Why do you need a cohabitation agreement?

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If you live with your partner, or are considering moving in together, you may have thought about a cohabitation agreement and whether you need one. There’s no legal requirement to have a cohabitation agreement in order to live with someone, but it can be a useful tool to protect your finances and establish practical arrangements.

What is a cohabitation agreement?

Basically, it’s an outline in a document of an open and honest conversation about what you and your partner would like to happen should the relationship come to an end. When considering a cohabitation agreement, you can discuss the financial aspects of your relationship and set them out clearly so that both parties understand the situation.

Do cohabitants have the same rights as married couples?

Quite simply, no. There is a huge difference between claims that a married couple can make following the breakdown of a marriage and what cohabitants can legally claim on separation. There is no such concept as a common law wife or husband. One of the key incentives to enter into a cohabitation agreement is to create certainty. Many couples who have lived together before separating end up in bitter disputes because there was no prior agreement about what should happen to property, money and business assets

Why should we enter into a cohabitation agreement?

A cohabitation agreement can protect your financial interests, giving you peace of mind and certainty over what you will walk away with should your relationship come to an end. Your agreement may include provision for owned property, rented property, household bills and debts.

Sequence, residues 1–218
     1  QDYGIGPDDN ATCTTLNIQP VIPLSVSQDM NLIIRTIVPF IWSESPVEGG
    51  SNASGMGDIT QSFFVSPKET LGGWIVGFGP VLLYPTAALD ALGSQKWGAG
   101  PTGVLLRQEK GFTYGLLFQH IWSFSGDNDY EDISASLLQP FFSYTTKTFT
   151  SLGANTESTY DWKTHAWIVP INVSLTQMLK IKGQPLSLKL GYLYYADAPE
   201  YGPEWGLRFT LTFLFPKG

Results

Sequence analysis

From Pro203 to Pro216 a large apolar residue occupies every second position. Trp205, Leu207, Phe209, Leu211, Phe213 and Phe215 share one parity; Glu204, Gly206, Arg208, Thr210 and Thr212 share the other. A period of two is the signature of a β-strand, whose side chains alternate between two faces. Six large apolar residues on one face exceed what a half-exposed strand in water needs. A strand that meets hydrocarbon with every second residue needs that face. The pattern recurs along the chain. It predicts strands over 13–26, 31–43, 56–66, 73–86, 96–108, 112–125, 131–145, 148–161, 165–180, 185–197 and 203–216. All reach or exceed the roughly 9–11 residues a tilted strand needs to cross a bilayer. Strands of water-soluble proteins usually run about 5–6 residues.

If you don’t have a cohabitation agreement in place, you will be left to organise the division of assets at a time that may already be challenging and sensitive. Generally, it works best to manage these aspects of your relationship while you are both on good terms and looking forward to a life together.

While many people feel that making a cohabitation agreement is pessimistic, its purpose is to act as a kind of insurance policy. Having such an agreement in place can allow you to move forward with confidence and security.

Should I get a cohabitation agreement if we are renting?

It’s a good idea to enter into a cohabitation agreement even if you are tenants. In the agreement, you will set out who is responsible for the cost of rent, bills and expenses. You may also own other property together, such as a car or furniture. Although you cannot make provision for care arrangements for children in a cohabitation agreement, it can prove a useful tool to manage money matters.

If you would like help in drawing up a cohabitation agreement or wish to speak to one of our specialist lawyers in the family team, please contact Helen Saggers, Will Cowell or Bev Harrison.